As capitalist, he is only capital personified. His soul is the soul of capital. But capital has one sole driving force, the drive to valorize itself, to create surplus-value, to make its constant part, the means of production [which come from nature, directly or not], absorb the greatest possible amount of surplus-labour. Capital is dead labour, which, vampire-like, lives only by sucking living labour, and lives the more, the more labour it sucks. The time during which the worker works, is the time during which the capitalist consumes the labour-power he has bought from him.
Thousands of workers, including child workers, are subjected to beatings and other forms of violent abuse at work: violence against the body is visibly used in the hidden abode of production to extract more work. By forcing people to work long hours, to work with high intensity, to work in unsafe conditions, capital damages the working body. According to International Labour Organization (ILO):21
Every 15 seconds, a worker dies from a work-related accident or disease.
Every 15 seconds, 153 workers have a work-related accident.
Every day, 6,300 people die as a result of occupational accidents or work-related diseases—more than 2.3 million deaths per year. 317 million accidents occur on the job annually.
As Marx (1977:380) discusses in chapter 10 of Capital: Capitalist production is responsible for producing ‘generations of stunted, short-lived, rapidly replaced human beings’. Capital generally ‘takes no account of the health and the length of life of the worker… Its answer to the outcry about the physical and mental degradation, the premature death, the torture of overwork, is this: should that pain trouble us, since it increases our pleasure (profit)?’ And, all this violence does not, however, happen because capitalists are necessarily bad people. The cause inheres in the objectively-existing system. As Marx says: all this violence against the human body: ‘does not depend on the will, either good or bad, of the individual capitalist. Under free competition, the immanent laws of capitalist production confront the individual capitalist as a coercive force external to him’.22
Making workers work long hours is one of the most important ways in which capital damages the labouring body. If we assume a normal working life of, say, 30 years, and if due to overwork, a worker dies 20 years earlier than would otherwise be the case, the labourer gives to capital 30 years worth of work in only 10 years. But does capital pay three times the wage that she/he should normally pays? No, it does not. Capital literally takes people’s lives.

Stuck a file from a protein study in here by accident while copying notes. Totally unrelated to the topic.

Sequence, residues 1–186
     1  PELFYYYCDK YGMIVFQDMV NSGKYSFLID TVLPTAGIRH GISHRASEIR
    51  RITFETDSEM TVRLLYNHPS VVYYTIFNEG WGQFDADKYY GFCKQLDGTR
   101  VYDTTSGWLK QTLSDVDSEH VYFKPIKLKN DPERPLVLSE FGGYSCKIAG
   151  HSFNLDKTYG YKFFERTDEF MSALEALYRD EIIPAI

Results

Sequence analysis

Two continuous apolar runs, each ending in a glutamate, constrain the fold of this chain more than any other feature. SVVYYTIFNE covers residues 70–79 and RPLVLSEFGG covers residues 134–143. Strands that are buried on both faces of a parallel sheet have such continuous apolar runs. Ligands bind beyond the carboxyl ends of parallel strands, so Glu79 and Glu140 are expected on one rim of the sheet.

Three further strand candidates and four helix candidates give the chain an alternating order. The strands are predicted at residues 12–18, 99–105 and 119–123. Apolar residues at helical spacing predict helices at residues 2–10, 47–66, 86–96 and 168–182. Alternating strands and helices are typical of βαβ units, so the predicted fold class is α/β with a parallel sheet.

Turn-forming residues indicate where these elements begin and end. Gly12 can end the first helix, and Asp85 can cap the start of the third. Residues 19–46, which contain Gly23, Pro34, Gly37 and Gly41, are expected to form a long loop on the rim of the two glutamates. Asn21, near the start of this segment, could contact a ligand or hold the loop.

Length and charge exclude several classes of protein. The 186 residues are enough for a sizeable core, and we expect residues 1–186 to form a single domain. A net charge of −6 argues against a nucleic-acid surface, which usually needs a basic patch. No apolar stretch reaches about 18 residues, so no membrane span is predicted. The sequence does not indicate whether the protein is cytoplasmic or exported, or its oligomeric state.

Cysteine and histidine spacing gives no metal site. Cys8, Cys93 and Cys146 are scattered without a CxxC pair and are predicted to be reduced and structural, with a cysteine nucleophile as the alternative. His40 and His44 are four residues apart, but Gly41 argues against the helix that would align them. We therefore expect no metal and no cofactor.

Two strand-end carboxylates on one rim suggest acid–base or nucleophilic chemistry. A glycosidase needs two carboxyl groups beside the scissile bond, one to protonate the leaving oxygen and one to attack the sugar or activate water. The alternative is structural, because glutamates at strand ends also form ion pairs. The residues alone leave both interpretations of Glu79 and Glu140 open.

How capitalism inflicts violence can be better understood on the basis of Marx’s theory of the reserve army of labour. The rise in workers’ productivity driven by the logic of capital reduces the demand for labour, and this subjects those who are employed to sheer overwork.
If the means of production…become to a lesser extent means for employing workers, this relation is itself in turn modified by the fact that in proportion as the productivity of labour increases, capital increases its supply of labour more quickly than its demand for workers. The over-work of the employed part of the working-class swells the ranks of its reserve, whilst, conversely, the greater pressure that the reserve by its competition exerts on the employed workers, forces them to submit to overwork and subjects them to the dictates of capital (Marx, 1977:789).
Alienation at work and in broader society combined with under-employment and unemployment and lack of adequate living standards and health-care, are leading to major mental health issues which themselves represent a form of violence of capital against the body-mind complex. It is also the case that many people suffering from alienation and mental health problems kill others and kill themselves.
Capitalism requires unceasing accumulation, which requires expansion of production of commodities, even if they are harmful. Workers as consumers meet the destructive effects of capital when they die consuming unsafe things (including tobacco; adulterated food and drinks) produced by capital for a (super) profit, often in violation of existing rules. Capital knows that any penalty that it may have to pay is a fraction of the super profit made from commodity production and sale. Capital considers any penalty as a normal cost of doing business.